Project Osiris is a bold expansion of Waterkeeper Alliance's successful model of organizing local communities to protect their watersheds.
Waterkeeper Alliance is currently embarking on a bold expansion of its successful model of local communities organizing to protect their watersheds. We’re calling it Project Osiris, based on the Egyptian god of resurrection and regeneration who periodically flooded the river to provide fertile cropland along the Nile Valley. From the first Waterkeeper in New York, Hudson Riverkeeper, we’ve developed organically to become the largest global nonprofit solely focused on clean water.
Given the magnitude of the global water crisis, we need to rapidly scale our model to tackle the most urgent water issues of our time.
Project Osiris focuses on dynamic new programs to enhance the work of our existing Waterkeeper organizations and targets strategic growth of our model to the 15 most iconic and endangered global waterways, including the Amazon, Mekong, Nile, and the U.S. Great Lakes, followed by global coverage of all habitable watersheds.
Waterkeepers working together to fight water pollution is critical. They tackle issues both in the water and on the land and are making an impact. Waterkeeper Alliance is an elite squad of enforcers that take action and achieve results. Our team is made up of warriors that sacrifice themselves day after day to get in the water, on the ground, and in the air to find and stop polluters at all cost.
The Waterkeeper Alliance model of legally and scientifically based citizen action and enforcement has proven effective and self-sustaining in numerous communities around the world. Local Waterkeepers follow a standard method of operation and are linked to Waterkeeper Alliance and a global network of Waterkeepers. In places where there are laws and regulations against pollution, Waterkeepers ensure that the laws are strengthened and enforced. In countries where there are no working regulatory or legal constraints, the Waterkeeper creates a powerful community movement for clean water. In this way, trained, local Waterkeepers are the fastest way to get around one of the biggest impediments to addressing the global water problem – a lack of laws and regulations. Because they are not outsiders, Waterkeepers have deep credibility with a personal stake in the water they protect. They leverage their local knowledge and influence to organize their community and protect their local waterways. Their work is self-sustaining, and often they become local heroes.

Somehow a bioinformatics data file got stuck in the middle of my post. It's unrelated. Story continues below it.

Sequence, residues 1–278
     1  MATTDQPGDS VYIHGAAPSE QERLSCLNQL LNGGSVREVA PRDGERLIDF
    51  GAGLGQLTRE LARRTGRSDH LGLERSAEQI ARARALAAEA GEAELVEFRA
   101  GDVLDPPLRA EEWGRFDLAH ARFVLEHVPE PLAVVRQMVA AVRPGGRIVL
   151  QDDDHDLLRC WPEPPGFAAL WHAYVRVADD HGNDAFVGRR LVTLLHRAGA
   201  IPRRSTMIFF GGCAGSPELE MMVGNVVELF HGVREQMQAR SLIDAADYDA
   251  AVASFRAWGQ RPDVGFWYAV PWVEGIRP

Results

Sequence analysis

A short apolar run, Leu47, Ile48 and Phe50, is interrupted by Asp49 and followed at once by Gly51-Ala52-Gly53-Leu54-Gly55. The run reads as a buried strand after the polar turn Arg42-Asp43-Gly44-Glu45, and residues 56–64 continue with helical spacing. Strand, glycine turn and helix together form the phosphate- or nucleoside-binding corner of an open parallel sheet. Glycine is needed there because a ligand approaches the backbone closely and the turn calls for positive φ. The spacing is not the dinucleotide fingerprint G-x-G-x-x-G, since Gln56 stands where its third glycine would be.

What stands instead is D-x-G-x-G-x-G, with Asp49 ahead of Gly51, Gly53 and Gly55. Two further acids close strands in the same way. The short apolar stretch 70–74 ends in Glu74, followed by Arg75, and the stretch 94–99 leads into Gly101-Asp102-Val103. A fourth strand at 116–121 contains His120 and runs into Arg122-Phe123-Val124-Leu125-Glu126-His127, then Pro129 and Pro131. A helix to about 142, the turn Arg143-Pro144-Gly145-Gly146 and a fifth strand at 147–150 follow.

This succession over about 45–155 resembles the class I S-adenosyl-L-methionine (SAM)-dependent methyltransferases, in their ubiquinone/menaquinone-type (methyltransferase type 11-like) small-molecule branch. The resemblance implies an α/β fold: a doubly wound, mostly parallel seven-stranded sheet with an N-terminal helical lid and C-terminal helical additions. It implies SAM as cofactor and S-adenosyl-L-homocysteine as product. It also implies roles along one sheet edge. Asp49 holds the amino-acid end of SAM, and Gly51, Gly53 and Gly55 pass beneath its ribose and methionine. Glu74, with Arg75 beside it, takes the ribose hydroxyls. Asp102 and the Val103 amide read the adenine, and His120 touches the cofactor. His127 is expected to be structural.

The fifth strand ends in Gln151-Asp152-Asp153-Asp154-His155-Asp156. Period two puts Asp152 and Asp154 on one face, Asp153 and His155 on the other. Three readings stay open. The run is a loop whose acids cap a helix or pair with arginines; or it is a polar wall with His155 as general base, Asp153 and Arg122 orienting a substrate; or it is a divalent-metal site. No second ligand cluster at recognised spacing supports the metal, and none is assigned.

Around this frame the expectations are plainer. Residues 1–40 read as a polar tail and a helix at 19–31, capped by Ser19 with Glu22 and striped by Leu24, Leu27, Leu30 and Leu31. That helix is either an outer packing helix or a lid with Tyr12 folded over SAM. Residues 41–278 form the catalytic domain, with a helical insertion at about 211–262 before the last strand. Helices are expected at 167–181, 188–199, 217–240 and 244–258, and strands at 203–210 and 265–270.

Project Osiris builds on the successful Waterkeeper model that has been tested in over 40 countries across a wide range of challenges and experiences. Every place there is a Waterkeeper, there is a dedicated, effective local effort fighting for clean water. These local actions leverage power and resources from Waterkeeper Alliance’s global network. This work is scalable, and with the right support and resources, can address the most endangered habitable watersheds around the globe.
Examples of Waterkeepers in action:
- A Waterkeeper in Senegal led the fight against pollution that has long impoverished fishermen, sickened villagers, and fouled beaches. The Waterkeeper convinced the Government of Senegal, the French Development Agency, and the European Investment Bank to commit $68 million to clean up Hann Bay and helped suspend construction of a coal-fired power plant.
- Waterkeepers in North Carolina helped achieve a $102 million fine against Duke Energy and a $3 billion cleanup of its coal ash sites.
- Waterkeepers in China developed a protocol for resolving water problems outside the courts to improve water quality more quickly.
- Maule Itata Coastkeeper in Chile helped stop the construction of the Los Robles coal-fired power plant.
- Los Angeles Waterkeeper settled a $2 billion lawsuit against the City of Los Angeles after years of sewage spills polluted the Santa Monica Bay. The City was required to replace 488 miles of sewer lines, clean 2800 miles of sewers annually, and pay $8.5 million to projects dedicated to improving water quality in Los Angeles.
Reporting from the front lines of the planetary environmental crisis. These are the stories you won’t find anywhere else covered in such depth and uncompromising force.